There is always a question in a criminal case of whether or not a criminal
defendant should take the witness stand in their own defense. And it is
a good question. Real criminal defense lawyers (those who actually have
a talent for trying cases) are divided on the issue. Some trial lawyers
steadfastly believe a defendant should not take the stand, while others
firmly believe the defendant should take the stand. Our system is designed
to make the government (prosecution, the “people”, the state)
put on evidence that overcomes a presumption of innocence and only proves
that person guilty when the evidence is so convincing that it is “beyond
a reasonable doubt.”
Does the Fifth Amendment Still Work?
In theory that is a beautiful design! In reality it is very fragile and
depends on a population of juries that enthusiastically abide by those
principles. A jury must be of the mind to know that it is better to let
a guilty person go free than to risk convicting someone who is innocent.
This is a tough job to assign to normal jurors, especially in this modern
world. The general public (from which jury pools are drawn) is so polluted
by news media about crime and right-wing ideas that it seems rare to get
the proper cynical viewpoint to follow these standards of proof. And cases
take so long that it is hard to get the kind of jurors you need to spend
a couple or three weeks to hear a properly presented case. If you have
a “reasonable doubt case” you want intelligent jurors to hear
Once you eliminate all of those who could not survive for three weeks if
they had to leave their jobs and families, what you are left with is highly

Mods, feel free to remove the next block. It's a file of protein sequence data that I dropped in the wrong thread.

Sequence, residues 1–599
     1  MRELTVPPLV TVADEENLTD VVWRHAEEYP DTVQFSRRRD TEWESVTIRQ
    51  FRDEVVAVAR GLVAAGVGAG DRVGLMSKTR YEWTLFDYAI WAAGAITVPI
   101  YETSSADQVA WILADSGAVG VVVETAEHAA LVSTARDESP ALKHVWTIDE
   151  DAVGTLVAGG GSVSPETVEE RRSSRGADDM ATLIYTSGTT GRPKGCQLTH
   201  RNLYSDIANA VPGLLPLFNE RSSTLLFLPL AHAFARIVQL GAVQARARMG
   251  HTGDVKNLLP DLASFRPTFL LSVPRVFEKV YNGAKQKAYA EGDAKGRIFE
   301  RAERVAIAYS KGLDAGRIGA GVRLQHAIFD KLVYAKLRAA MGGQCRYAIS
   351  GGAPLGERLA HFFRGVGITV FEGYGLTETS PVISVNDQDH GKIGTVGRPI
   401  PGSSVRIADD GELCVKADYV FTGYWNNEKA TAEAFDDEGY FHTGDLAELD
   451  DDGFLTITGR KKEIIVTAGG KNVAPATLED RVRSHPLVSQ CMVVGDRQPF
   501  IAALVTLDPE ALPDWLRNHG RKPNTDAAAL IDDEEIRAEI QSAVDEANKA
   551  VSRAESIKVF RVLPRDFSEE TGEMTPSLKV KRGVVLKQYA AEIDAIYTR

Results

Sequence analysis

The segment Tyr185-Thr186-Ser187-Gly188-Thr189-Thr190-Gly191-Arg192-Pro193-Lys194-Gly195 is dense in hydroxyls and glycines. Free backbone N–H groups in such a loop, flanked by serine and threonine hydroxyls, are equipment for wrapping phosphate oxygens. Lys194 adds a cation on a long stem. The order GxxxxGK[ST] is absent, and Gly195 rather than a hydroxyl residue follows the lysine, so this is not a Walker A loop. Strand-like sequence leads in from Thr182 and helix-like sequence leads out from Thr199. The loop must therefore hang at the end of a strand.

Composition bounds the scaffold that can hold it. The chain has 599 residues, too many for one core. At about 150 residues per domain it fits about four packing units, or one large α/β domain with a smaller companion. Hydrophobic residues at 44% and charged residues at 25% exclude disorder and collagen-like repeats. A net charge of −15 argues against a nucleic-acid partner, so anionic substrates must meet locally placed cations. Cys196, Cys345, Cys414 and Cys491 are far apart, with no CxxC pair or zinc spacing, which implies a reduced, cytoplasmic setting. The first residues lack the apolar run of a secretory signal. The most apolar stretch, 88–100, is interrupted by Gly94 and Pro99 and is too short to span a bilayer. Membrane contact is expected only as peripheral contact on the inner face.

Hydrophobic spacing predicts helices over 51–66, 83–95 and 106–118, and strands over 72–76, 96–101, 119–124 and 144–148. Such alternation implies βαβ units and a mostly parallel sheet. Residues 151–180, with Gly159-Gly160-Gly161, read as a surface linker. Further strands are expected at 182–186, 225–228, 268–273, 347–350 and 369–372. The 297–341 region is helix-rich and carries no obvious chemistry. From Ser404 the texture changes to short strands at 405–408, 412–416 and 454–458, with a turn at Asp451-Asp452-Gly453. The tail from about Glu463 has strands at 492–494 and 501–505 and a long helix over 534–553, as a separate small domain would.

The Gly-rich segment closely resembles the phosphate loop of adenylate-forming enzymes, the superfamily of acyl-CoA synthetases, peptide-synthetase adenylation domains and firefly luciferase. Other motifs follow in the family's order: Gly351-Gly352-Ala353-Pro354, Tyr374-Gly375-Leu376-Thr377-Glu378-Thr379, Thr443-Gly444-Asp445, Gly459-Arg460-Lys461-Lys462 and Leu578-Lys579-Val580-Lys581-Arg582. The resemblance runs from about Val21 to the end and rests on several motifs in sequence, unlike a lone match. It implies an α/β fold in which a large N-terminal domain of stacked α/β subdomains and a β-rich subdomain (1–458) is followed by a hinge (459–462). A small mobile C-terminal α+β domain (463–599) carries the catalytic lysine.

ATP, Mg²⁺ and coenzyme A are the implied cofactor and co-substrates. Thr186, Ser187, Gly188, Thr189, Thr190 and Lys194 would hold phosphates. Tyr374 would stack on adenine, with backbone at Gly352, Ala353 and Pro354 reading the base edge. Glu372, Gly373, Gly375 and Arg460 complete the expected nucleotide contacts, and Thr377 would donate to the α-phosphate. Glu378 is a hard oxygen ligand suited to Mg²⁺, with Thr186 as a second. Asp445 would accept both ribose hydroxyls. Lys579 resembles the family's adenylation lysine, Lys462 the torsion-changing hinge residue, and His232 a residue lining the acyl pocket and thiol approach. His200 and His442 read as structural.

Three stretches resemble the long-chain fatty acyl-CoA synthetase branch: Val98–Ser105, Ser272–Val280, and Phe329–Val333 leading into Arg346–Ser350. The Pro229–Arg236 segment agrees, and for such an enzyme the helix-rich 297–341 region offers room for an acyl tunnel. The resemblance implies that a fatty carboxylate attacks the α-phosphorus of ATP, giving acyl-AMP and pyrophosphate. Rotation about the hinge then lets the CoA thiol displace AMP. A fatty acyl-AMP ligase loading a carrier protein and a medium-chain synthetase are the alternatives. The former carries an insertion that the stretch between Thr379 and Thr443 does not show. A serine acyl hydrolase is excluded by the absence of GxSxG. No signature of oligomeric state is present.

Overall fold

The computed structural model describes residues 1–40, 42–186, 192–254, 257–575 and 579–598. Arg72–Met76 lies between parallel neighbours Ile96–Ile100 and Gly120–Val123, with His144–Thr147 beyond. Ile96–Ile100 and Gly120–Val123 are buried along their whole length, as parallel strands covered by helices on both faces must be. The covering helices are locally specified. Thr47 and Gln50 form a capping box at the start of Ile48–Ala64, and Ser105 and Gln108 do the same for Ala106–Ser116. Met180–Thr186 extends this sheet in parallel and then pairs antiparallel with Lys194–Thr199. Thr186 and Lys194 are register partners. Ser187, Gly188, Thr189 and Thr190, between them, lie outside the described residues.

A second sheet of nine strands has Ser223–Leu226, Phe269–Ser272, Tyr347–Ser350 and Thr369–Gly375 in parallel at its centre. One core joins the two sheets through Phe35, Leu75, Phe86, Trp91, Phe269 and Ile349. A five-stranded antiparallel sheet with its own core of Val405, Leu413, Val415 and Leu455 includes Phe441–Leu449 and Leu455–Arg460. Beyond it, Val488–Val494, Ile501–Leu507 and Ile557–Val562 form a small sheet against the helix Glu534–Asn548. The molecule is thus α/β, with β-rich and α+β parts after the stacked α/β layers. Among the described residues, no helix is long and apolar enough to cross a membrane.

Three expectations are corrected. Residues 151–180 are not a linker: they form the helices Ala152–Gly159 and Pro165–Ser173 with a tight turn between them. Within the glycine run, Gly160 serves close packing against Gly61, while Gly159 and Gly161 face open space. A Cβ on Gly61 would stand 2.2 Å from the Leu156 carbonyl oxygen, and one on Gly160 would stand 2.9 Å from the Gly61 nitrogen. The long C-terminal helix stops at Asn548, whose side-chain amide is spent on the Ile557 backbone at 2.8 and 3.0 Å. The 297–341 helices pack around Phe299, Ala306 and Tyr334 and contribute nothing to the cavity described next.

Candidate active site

questionable. In some ways the jury trial is a dinosaur and only affordable
for the rich. And even the rich cannot force the system to have jurors
that are highly functional. They can, however, afford lawyers who can
devote more time, hire more experts, and fund other things that may give
an edge to the defense.
Given all this, the question of taking the stand seems more important.
It is still an individual decision and it should be a decision discussed
thoroughly, pros and cons, with your lawyer. I would not avoid the stand
if it were just the fact that I had a criminal record. A good lawyer can
diffuse that and, properly handled by the defendant, can really be a non-factor,
or a least a lesser factor. If that happens you need to own up to your
past, answer the questions candidly, and move past it. Realistically,
juries do not necessarily think you are perfect and the more candid or
truthful you are about being imperfect, the more that can help you.
When You Need to Tell Your Story to the Jury
One thing to always consider is the question of whether you need to take
the stand to explain things that just cannot be explained without you
telling them. An example is a situation where you were there and involved,
but you had no idea that anything was going to happen. How is the jury
going to know what was or was not in your mind?
For instance, if you were the driver of a vehicle and one of the people
in the vehicle unexpectedly pulled out a gun and shot at someone. How
would the jury ever know you had no idea what was going to happen unless
you explain it to them? Juries can understand an explanation, but sometimes
you have to “man up” and give it to them. This is always a
question you should decide ONLY after you and your attorney thoroughly
discuss the issue
Some attorneys feel more comfortable without the defendant taking the stand,
while others feel more comfortable when the defendant takes the stand
to explain. There is no uniform rule; it has to be decided individually
in each case. Again, this is only an article designed for thought and
discussion. YOU need to talk to your lawyer!